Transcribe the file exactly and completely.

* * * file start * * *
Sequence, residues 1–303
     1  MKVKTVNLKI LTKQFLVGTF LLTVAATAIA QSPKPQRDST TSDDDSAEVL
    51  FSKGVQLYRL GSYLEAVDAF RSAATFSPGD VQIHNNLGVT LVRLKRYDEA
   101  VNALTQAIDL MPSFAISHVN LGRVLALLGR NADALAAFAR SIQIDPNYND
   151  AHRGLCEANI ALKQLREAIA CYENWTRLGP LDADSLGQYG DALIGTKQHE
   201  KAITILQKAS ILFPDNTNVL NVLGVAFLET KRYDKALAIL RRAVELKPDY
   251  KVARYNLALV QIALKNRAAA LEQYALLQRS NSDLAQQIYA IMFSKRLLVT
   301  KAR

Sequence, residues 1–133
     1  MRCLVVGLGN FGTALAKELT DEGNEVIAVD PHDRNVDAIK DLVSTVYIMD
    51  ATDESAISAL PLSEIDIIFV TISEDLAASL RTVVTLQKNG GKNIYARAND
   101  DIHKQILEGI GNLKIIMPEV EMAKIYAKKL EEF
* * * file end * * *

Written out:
Sequence, residues 1–303
     1  MKVKTVNLKI LTKQFLVGTF LLTVAATAIA QSPKPQRDST TSDDDSAEVL
    51  FSKGVQLYRL GSYLEAVDAF RSAATFSPGD VQIHNNLGVT LVRLKRYDEA
   101  VNALTQAIDL MPSFAISHVN LGRVLALLGR NADALAAFAR SIQIDPNYND
   151  AHRGLCEANI ALKQLREAIA CYENWTRLGP LDADSLGQYG DALIGTKQHE
   201  KAITILQKAS ILFPDNTNVL NVLGVAFLET KRYDKALAIL RRAVELKPDY
   251  KVARYNLALV QIALKNRAAA LEQYALLQRS NSDLAQQIYA IMFSKRLLVT
   301  KAR

Sequence, residues 1–133
     1  MRCLVVGLGN FGTALAKELT DEGNEVIAVD PHDRNVDAIK DLVSTVYIMD
    51  ATDESAISAL PLSEIDIIFV TISEDLAASL RTVVTLQKNG GKNIYARAND
   101  DIHKQILEGI GNLKIIMPEV EMAKIYAKKL EEF